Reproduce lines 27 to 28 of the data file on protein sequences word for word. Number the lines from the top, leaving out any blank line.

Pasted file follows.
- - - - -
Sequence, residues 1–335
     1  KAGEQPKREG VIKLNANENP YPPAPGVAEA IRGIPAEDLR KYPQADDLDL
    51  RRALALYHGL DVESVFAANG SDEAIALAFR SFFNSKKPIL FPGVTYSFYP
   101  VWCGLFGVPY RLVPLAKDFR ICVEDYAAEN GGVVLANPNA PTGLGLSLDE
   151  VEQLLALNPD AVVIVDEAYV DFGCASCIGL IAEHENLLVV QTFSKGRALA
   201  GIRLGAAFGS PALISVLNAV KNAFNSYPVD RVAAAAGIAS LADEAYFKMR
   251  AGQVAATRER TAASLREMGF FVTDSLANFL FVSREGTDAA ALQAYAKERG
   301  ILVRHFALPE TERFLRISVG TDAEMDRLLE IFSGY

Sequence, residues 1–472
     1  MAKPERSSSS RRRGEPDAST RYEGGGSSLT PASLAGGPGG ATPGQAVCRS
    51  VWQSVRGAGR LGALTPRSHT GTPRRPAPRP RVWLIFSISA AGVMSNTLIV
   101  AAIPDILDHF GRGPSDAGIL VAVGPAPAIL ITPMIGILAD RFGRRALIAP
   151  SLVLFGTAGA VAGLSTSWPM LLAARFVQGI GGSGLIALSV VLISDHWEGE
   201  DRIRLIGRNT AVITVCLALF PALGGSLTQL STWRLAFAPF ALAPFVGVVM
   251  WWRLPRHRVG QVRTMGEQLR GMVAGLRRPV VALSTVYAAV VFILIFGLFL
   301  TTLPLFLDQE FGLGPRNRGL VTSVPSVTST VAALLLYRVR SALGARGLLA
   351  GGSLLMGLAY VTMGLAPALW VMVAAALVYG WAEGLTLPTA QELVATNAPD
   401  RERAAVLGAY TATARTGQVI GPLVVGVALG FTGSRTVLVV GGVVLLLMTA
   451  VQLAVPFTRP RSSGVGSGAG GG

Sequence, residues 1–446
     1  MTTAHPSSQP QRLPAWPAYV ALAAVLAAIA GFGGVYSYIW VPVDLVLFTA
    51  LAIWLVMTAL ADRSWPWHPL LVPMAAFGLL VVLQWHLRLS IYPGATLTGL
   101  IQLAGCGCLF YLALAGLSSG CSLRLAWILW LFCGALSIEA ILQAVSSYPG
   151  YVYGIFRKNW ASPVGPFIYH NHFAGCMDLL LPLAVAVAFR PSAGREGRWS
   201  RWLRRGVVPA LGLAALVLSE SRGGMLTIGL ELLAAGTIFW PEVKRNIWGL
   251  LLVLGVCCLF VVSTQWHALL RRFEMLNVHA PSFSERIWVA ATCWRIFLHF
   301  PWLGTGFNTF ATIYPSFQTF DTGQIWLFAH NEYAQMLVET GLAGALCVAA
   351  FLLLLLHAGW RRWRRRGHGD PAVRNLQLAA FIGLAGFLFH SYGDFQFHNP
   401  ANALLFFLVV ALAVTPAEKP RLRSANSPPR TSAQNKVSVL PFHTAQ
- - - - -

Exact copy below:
   301  PWLGTGFNTF ATIYPSFQTF DTGQIWLFAH NEYAQMLVET GLAGALCVAA
   351  FLLLLLHAGW RRWRRRGHGD PAVRNLQLAA FIGLAGFLFH SYGDFQFHNP